Down to the Republican Wire / by marilyn salenger

It's been a fascinating journey from the first Republican Debate to the last before Super Tuesday. We have watched the candidate numbers dwindle, the rhetoric become increasingly vitriolic and the public either cheering or scratching their heads. Republican politics have been turned upside down because no one seemed prepared for the unexpected - the staying power of the now frontrunner, Donald Trump.

Being unprepared in politics can bear treacherous consequences.  Could the Republican party have been so tone deaf to its public that their polling and on the ground operatives in the year leading up the campaign season didn't pick up on the strong division and divisiveness between the different groups forming their electorate? Apparently so. And they are now paying the price as is the rest of the country who has been listening.

The rise of Donald Trump's candidacy will be viewed in history as the result of a period in our country where the split between the haves and have nots finally reached a boiling point. Trump seized the moment, picking up his very public cues on the fly as he whipped up the often frenzied crowds. I believe a part of him is as surprised at his success as many others are, despite all his bravado.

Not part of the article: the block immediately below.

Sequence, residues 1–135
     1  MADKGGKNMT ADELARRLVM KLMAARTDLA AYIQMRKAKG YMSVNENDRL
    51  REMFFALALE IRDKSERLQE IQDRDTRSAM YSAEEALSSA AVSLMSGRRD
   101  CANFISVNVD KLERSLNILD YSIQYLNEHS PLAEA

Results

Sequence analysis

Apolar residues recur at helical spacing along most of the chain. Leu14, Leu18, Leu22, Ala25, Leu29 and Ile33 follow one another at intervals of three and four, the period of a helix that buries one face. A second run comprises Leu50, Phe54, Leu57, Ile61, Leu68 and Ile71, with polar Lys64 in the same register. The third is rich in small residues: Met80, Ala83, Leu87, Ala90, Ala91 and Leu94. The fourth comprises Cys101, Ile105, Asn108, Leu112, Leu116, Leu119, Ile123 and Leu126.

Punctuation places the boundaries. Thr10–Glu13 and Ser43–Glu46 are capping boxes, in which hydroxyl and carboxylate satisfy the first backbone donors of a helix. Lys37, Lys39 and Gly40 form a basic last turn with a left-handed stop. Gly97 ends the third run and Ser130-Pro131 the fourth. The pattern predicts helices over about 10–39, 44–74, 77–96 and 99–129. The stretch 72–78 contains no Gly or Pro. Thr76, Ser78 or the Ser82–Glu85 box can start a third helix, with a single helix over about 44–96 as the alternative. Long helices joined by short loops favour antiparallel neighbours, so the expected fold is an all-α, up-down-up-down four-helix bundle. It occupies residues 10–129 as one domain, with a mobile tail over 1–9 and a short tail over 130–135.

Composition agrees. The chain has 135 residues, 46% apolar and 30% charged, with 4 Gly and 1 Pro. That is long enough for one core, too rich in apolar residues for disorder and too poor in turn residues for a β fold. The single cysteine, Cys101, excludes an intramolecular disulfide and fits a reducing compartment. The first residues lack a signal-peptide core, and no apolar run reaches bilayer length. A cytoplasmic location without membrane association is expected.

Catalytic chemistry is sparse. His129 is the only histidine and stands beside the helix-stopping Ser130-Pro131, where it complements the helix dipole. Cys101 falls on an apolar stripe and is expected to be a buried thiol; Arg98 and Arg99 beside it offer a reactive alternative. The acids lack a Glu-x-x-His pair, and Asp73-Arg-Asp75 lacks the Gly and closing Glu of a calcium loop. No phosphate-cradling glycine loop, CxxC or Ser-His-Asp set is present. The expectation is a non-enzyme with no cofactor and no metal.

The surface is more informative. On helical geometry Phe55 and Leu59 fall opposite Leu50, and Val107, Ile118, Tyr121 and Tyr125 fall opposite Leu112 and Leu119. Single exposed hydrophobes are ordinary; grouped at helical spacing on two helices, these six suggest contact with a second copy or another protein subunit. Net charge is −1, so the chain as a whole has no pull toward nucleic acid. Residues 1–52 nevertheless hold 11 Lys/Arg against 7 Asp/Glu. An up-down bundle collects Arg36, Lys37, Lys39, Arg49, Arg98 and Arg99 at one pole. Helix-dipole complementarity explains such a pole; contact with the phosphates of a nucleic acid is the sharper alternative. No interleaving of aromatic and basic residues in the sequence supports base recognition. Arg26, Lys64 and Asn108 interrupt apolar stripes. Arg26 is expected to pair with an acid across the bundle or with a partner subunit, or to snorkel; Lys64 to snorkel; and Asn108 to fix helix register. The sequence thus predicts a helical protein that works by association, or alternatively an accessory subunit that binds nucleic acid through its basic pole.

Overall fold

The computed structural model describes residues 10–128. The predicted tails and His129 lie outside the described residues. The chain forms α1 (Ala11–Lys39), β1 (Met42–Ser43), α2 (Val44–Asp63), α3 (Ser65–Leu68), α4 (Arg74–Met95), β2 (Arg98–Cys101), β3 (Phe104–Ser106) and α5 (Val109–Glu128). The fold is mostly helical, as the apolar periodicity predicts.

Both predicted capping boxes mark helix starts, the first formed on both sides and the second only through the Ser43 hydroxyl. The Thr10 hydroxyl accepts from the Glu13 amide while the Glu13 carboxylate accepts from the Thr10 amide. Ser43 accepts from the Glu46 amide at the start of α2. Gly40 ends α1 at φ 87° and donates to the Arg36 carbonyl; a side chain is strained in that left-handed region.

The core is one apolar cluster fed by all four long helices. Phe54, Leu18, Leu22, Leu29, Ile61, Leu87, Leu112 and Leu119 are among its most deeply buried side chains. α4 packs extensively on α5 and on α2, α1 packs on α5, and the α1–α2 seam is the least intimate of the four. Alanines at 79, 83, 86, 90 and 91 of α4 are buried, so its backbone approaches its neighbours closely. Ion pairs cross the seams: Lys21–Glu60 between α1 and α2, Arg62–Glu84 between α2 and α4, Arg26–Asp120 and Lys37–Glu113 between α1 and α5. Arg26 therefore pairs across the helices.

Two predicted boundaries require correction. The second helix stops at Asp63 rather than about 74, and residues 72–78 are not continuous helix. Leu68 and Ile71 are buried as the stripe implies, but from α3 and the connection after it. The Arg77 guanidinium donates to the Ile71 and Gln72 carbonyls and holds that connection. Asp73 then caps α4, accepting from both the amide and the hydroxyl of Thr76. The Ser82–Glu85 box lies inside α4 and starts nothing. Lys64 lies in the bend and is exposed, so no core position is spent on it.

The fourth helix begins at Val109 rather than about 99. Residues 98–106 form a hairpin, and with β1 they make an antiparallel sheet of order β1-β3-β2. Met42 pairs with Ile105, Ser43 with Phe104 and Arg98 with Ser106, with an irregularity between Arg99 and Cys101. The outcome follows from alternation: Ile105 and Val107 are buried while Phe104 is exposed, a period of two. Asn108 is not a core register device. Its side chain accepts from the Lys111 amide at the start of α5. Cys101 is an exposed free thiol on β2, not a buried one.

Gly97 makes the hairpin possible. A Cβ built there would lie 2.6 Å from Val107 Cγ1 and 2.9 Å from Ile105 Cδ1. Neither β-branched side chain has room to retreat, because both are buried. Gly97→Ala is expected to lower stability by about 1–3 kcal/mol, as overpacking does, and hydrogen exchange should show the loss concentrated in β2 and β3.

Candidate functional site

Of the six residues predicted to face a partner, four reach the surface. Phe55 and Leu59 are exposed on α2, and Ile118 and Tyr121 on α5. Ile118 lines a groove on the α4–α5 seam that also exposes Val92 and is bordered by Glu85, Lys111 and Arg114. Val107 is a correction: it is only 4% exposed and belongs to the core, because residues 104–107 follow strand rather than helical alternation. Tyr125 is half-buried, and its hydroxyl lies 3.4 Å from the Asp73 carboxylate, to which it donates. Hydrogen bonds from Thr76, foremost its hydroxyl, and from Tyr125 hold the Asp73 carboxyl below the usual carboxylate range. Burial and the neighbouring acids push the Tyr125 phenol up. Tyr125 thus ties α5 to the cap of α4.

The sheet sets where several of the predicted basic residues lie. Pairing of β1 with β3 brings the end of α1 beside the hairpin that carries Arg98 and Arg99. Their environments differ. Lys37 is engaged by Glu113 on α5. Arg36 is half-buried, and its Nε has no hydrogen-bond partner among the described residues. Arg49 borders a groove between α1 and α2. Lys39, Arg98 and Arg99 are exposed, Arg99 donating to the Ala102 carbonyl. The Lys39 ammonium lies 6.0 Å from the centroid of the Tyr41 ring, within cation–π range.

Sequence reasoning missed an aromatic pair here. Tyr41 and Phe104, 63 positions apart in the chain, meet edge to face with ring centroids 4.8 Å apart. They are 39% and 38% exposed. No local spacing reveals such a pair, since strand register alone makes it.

The Republican Debates this year have provided a vehicle for the candidates to show too little true political dialogue and too much hit and run. Television has helped make them into a near Roman spectacle drawing millions of people, and giving Trump a home turf advantage.

The obvious question now focuses on the future of Donald Trumps's candidacy. Last night's debate was the first time Trump's dirty laundry began to be hung out to the public, and he took some hits. As prepared as he should have been, he sometimes appeared unprepared for that good old taste of his own medicine. 

Marco Rubio took off his mantel of faltering under the heat of Trump's put downs, and this time came loaded with information ammunition that should have come out in the debates and campaign long ago. Admission of a tax audit, hiring illegal immigrants to work his construction sites, hiring foreigners instead of locals at his Palm Beach resort and the Trump University financial mess. It's all been there without being up for debate until now. But it seems the fear tactics used in this campaign were working.

Donald Trump admitted in the post debate spin room that his outrageous behavior, although he didn't use that word, worked for him and got him to this point. What the next point will be remains to be seen.